For the past number of weeks, we’ve heard about how the U.S. wants BNP Paribas to plead guilty to violating U.S. sanctions against certain countries like Iran, and pay upwards of $10 billion to show they really mean it. We’ve also heard about how a lot of people in France– like its President, for one– are none too pleased about the idea of such a high fine, and are working hard (though mostly in vain) to get the number down. And while $10 billion does sound like a lot of money, a new report reveals that 1. It could’ve been a lot worse and 2. At this time, BNP might not wanna press its luck.

U.S. authorities negotiating with BNP Paribas over alleged sanctions violations at one point suggested that France’s biggest bank pay a penalty as high as $16 billion, according to people familiar with the matter.

Oh, but it gets better.

While the sources said that number was only proposed as a negotiating tactic in response to an offer from BNP of about $1 billion, the dollar figures being thrown around demonstrate what bankers and their allies say is an alarming trend of ever-increasing record penalties.

$1 billion! Say what you will about BNP, but you’ve got to admire les balls on these guys. Also, you’ve got to really want to be a fly on the wall when this conversation went down:

BNP: How about…$1 billion.
U.S.: How about…$16 billion.

So, a good showing by all, but at this point in the negotiations, BNP might want to quit while it’s ahead, before the next words out of U.S. prosecutors mouths are “How about $16 billion plus another $84 billion plus you’re banned from the country for 5 years? Does that work for you?”

Exclusive: As bank fines soar, U.S. threatened $16 billion BNP penalty [Reuters]

Earlier: Barack Obama About To Pull An “I’m Going Through A Tunnel, You’re Breaking Up” To Francois Hollande’s Face

13 comments (hidden to protect delicate sensibilities)
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Comments (13)

  1. Posted by Guest | June 6, 2014 at 11:58 AM

    To the Moon, Alice…

  2. Posted by Guest | June 6, 2014 at 12:02 PM

    BNP: How about…$1 billion.
    U.S.: How about…$16 billion.

    This too is how I negotiate with my 10 year old when he pisses me off

  3. Posted by Guest | June 6, 2014 at 12:04 PM

    They should also throw in a threat to expel Fabulous Fab from US too.

  4. Posted by Guest | June 6, 2014 at 12:07 PM

    $16Bn and we go back to calling them Freedom Fries.

  5. Posted by BNP HR | June 6, 2014 at 12:16 PM

    We are going to need more guillotines. Impending bloodbath at 787 over…..

  6. Posted by Quant me maybe... | June 6, 2014 at 12:50 PM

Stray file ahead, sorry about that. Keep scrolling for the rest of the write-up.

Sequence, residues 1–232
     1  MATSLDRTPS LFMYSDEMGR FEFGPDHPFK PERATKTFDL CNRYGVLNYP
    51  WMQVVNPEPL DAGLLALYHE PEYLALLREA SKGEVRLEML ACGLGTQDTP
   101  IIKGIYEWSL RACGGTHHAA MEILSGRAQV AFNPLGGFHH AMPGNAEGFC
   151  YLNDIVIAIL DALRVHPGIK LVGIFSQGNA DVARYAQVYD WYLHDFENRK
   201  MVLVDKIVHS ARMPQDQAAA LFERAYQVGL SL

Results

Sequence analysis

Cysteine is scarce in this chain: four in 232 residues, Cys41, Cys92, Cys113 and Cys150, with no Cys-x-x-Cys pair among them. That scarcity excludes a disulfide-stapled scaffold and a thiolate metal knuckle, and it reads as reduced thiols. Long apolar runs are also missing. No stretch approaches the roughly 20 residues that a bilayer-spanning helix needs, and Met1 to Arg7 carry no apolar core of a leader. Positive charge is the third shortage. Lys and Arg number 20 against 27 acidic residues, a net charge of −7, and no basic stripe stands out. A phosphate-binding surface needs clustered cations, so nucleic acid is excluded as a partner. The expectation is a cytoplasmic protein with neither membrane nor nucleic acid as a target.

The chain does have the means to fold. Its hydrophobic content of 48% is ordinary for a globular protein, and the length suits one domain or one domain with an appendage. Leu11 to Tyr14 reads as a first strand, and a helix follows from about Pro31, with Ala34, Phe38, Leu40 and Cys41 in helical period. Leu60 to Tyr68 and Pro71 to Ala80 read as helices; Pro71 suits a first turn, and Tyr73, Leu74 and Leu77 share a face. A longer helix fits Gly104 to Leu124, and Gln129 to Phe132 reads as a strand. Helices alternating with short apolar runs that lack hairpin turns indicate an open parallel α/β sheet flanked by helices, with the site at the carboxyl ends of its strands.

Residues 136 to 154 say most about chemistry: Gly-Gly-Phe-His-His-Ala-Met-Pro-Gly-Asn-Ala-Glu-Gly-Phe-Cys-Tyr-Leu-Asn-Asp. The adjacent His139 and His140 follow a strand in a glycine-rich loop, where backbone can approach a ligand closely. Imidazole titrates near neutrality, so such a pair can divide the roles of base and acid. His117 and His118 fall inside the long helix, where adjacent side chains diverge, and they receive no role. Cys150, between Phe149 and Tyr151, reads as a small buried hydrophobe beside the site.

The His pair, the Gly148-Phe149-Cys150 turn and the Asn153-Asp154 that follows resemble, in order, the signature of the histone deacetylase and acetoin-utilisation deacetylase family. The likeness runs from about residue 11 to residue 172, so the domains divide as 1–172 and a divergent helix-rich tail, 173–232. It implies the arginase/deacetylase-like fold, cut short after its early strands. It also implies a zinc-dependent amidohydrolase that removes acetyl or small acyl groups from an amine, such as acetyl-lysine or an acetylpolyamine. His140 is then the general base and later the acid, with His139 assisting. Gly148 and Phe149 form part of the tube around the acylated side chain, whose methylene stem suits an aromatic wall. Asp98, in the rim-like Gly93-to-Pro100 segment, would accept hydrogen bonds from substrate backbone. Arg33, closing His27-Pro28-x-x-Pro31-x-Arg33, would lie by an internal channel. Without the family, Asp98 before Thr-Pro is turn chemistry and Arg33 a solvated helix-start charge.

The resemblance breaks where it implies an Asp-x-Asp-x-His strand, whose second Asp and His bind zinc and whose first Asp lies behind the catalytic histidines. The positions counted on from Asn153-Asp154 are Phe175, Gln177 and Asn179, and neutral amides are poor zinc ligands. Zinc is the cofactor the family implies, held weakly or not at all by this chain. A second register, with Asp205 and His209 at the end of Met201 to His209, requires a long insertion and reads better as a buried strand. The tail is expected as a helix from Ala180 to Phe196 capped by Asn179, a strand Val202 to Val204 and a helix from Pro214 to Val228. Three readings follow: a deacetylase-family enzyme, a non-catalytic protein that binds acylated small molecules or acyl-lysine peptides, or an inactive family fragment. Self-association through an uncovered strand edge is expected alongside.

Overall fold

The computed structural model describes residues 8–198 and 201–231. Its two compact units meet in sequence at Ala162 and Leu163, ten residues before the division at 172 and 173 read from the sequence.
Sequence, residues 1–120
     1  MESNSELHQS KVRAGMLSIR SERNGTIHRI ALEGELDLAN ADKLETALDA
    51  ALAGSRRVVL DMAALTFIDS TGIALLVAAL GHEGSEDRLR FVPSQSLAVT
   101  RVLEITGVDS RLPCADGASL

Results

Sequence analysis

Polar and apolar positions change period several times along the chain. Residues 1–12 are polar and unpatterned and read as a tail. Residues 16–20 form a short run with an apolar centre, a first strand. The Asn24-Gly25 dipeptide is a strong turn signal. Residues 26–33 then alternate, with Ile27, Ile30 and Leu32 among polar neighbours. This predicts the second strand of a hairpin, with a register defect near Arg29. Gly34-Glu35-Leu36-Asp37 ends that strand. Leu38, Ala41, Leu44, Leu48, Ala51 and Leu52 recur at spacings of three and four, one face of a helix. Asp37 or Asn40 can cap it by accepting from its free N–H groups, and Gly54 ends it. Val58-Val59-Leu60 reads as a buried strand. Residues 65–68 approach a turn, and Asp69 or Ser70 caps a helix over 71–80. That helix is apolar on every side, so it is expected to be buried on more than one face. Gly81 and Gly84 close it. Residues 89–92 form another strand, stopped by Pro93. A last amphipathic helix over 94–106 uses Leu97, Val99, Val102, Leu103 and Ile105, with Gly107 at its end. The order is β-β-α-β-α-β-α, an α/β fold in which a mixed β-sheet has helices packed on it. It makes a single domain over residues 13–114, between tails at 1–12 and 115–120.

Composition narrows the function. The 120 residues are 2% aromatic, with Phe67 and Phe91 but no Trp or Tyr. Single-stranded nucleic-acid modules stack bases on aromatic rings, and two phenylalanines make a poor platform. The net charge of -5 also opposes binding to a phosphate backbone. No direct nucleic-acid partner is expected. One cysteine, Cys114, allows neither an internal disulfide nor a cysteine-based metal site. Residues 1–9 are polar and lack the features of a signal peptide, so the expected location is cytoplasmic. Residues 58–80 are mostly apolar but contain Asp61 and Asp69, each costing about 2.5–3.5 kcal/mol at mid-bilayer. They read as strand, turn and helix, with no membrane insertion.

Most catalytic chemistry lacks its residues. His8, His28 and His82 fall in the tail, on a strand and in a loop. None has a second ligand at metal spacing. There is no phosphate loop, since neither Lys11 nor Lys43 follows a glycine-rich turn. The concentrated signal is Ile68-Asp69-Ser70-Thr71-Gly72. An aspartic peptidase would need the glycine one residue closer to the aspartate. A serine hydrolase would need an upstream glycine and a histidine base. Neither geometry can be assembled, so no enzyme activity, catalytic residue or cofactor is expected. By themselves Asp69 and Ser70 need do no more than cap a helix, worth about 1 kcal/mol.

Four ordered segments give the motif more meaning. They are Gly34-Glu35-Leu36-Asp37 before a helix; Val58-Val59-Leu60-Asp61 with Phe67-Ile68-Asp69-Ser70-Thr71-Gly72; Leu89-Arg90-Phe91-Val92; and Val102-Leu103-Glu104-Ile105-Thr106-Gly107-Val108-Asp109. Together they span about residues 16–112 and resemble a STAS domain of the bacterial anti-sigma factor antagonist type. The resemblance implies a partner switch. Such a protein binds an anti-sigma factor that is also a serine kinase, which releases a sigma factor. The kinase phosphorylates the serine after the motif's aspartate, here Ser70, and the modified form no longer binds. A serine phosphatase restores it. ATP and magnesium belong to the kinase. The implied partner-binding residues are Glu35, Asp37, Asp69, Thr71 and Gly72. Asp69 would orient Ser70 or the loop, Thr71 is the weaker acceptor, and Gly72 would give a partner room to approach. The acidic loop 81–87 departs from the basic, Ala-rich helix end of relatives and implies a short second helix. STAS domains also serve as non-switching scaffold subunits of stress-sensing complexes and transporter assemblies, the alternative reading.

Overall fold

I know the comments area are a place for humor, but I have a serious question. Say they fought it and lost and wound up getting a 5 year suspension in New York (or maybe the United States) after a 10 years of appeals or whatever, how would that be a death sentence? I mean, they are a global bank and sure the US is a large market, but it's not their only market.

    >Guy who doesn't understand this part of the banking industry. But doesn't think that they could make $12Billion in profits in the US over a 5 or 7 year period. I mean they're French for God's sakes.

  7. Posted by Guest | June 6, 2014 at 1:01 PM

    They're French. It's only a matter of time before they surrender.

  8. Posted by Guest | June 6, 2014 at 1:52 PM

    The death sentence the 10 year cost of litigating the appeals.

    >Guy who doesn't believe in tort reform.

  9. Posted by Guest | June 6, 2014 at 1:55 PM

    If the exported more goods to Sudan, North Korea and Iran, they could make it back it's just this time they'd have to be paid in Bitcoins.

  10. Posted by Guest | June 6, 2014 at 2:28 PM

    Dollar clearing brah

  11. Posted by Guest | June 6, 2014 at 3:03 PM

    US Gov can control that privilege, even if they set up an account at Soc Gen.

  12. Posted by Guest | June 6, 2014 at 8:52 PM

    According to FT league tables, the Americas (which is essentially the US) accounted for 57% of all banking fees. If you are a global bank banned from the US, you are no longer a global bank….and at the very least your home market sure as hell better be a country with a larger economy and better growth prospects than France.

  13. Posted by Legal | June 8, 2014 at 9:59 AM

    Mirikaia Singapore